If there is one thing that 2020 has taught us, it is that nothing is as certain as it was before.  One of the biggest fears for many Americans right now is their job security.  Many people have already lost their jobs and are wondering what comes next for them.  A major effect of leaving a job, whether it be through retirement, layoffs or simply moving to a new company, is that your 401(k) from your previous employer becomes eligible to be rolled over to an IRA.   There are a variety of different options that become available to you with your previous employer 401(k) and we have listed the 3 most common options: 1) Moving the funds into an IRA  If you were a part of a 401(k) plan at your previous employer, one of the most common options available to you on what to do with the funds is being able to move the funds into an IRA at a new custodian. When you leave your job, you have the ability to continue investing those funds on your own in an IRA or Self-Directed IRA, and when moving those funds to another qualified retirement account, you don’t experience any tax hits.  One thing ...

  • Ways to Come up With Your Annual IRA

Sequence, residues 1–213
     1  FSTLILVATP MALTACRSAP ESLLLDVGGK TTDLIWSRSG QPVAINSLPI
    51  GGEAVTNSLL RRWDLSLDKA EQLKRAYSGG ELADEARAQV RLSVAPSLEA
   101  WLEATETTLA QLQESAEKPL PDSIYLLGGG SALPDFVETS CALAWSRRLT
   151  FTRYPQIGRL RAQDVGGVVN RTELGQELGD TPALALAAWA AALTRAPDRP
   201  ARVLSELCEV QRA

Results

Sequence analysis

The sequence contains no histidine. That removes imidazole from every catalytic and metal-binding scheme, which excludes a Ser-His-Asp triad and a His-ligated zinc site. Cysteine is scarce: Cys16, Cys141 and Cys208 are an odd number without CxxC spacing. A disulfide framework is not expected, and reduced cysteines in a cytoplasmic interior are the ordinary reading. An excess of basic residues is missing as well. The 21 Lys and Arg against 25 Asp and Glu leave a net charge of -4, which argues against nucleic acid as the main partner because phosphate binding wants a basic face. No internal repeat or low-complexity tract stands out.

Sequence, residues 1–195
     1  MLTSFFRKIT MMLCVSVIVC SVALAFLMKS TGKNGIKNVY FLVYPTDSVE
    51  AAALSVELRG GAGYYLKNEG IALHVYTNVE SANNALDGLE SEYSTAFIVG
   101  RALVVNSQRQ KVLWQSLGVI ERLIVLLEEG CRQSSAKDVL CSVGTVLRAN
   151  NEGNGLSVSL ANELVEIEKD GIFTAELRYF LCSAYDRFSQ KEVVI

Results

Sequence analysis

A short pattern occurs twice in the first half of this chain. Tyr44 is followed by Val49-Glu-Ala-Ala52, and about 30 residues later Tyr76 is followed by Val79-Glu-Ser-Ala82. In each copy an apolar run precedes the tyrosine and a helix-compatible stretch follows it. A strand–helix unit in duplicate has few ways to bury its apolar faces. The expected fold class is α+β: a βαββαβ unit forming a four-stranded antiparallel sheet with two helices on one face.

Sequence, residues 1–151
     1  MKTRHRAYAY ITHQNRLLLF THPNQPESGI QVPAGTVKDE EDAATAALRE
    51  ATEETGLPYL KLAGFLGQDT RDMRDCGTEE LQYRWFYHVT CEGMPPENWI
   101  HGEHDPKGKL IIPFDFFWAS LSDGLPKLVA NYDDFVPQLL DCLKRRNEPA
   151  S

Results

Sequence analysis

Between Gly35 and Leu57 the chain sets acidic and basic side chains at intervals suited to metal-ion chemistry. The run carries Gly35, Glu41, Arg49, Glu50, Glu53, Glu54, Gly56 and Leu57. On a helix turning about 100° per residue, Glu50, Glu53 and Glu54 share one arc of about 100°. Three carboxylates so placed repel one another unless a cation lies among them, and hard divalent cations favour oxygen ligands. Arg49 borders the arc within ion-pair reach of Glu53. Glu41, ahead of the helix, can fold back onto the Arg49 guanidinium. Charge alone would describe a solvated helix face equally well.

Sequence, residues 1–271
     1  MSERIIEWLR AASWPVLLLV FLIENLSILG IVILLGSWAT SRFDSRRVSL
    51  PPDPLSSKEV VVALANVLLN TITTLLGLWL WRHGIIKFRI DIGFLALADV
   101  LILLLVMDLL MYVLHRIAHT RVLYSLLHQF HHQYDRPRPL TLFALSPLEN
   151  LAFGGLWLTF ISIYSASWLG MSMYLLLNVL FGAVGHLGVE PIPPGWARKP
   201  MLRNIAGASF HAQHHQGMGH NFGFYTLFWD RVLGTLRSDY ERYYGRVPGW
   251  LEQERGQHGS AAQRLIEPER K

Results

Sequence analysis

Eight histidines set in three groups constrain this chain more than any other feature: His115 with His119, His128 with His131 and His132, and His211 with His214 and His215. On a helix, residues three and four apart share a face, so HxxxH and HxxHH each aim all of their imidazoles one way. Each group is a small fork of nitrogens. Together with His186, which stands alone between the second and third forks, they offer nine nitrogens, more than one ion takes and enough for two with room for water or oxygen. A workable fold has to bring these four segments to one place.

Take a look at the budget that you follow for your personal finances; do you have a line item for making your annual IRA contribution (perhaps it’s understood to be part of the “savings” or “retirement savings” amount)? But do you always follow through and make sure that you’re contributing the maximum amount to your IRA each year? If not, then here are some tips to help you come up with new ways to make your annual IRA contributions. Use Last Year’s Tax Refund. Too many individuals have gotten into the habit of thinking of their tax refund as a windfall or “found money.” While there may be a certain degree of satisfaction and enjoyment that comes from using your tax return to treat yourself or your family to something nice, you should also consider what you could be doing with your tax reTake a look at the budget that you follow for your personal finances; do you have a line item for making your annual IRA contribution (perhaps it’s understood to be part of the “savings” or “retirement savings” amount)? But do you always follow through and make sure that you’re contributing the maximum amount to your IRA each year? ...